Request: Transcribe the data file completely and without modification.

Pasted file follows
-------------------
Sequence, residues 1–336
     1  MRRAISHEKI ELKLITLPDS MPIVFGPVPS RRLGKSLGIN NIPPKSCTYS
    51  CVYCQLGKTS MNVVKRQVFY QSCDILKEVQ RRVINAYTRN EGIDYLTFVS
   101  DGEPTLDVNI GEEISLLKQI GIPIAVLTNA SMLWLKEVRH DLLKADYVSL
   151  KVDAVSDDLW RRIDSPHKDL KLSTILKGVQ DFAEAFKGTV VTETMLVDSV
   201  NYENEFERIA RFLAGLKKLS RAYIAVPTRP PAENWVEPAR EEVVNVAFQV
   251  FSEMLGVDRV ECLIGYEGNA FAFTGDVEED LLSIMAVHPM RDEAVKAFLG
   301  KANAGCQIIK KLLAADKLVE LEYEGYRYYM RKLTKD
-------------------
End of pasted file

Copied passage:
Sequence, residues 1–336
     1  MRRAISHEKI ELKLITLPDS MPIVFGPVPS RRLGKSLGIN NIPPKSCTYS
    51  CVYCQLGKTS MNVVKRQVFY QSCDILKEVQ RRVINAYTRN EGIDYLTFVS
   101  DGEPTLDVNI GEEISLLKQI GIPIAVLTNA SMLWLKEVRH DLLKADYVSL
   151  KVDAVSDDLW RRIDSPHKDL KLSTILKGVQ DFAEAFKGTV VTETMLVDSV
   201  NYENEFERIA RFLAGLKKLS RAYIAVPTRP PAENWVEPAR EEVVNVAFQV
   251  FSEMLGVDRV ECLIGYEGNA FAFTGDVEED LLSIMAVHPM RDEAVKAFLG
   301  KANAGCQIIK KLLAADKLVE LEYEGYRYYM RKLTKD